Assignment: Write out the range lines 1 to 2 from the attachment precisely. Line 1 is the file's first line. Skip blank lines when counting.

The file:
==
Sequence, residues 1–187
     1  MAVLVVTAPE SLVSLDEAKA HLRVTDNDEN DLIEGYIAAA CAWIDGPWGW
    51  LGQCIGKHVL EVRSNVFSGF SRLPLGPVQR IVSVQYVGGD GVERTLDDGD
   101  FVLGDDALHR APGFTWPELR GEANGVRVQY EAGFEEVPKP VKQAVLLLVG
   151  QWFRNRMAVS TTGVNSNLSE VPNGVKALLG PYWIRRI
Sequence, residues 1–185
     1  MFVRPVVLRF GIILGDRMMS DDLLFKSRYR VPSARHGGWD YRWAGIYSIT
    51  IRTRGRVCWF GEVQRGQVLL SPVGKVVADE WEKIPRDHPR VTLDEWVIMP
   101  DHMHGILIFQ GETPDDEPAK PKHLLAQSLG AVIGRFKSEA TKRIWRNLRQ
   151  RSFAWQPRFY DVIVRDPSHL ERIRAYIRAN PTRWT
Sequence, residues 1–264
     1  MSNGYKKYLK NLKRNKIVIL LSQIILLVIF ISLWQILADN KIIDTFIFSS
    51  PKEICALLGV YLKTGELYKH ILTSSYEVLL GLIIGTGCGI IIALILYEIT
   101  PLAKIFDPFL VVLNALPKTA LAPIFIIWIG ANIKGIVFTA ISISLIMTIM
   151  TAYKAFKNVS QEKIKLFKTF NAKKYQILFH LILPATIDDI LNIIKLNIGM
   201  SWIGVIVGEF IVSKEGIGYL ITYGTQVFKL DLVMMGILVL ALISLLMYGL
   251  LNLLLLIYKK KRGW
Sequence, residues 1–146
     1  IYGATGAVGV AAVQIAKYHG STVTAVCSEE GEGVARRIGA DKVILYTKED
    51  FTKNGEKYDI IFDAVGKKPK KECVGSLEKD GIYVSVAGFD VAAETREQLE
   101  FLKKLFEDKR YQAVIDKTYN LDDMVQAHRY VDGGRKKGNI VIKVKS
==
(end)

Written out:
Sequence, residues 1–187
     1  MAVLVVTAPE SLVSLDEAKA HLRVTDNDEN DLIEGYIAAA CAWIDGPWGW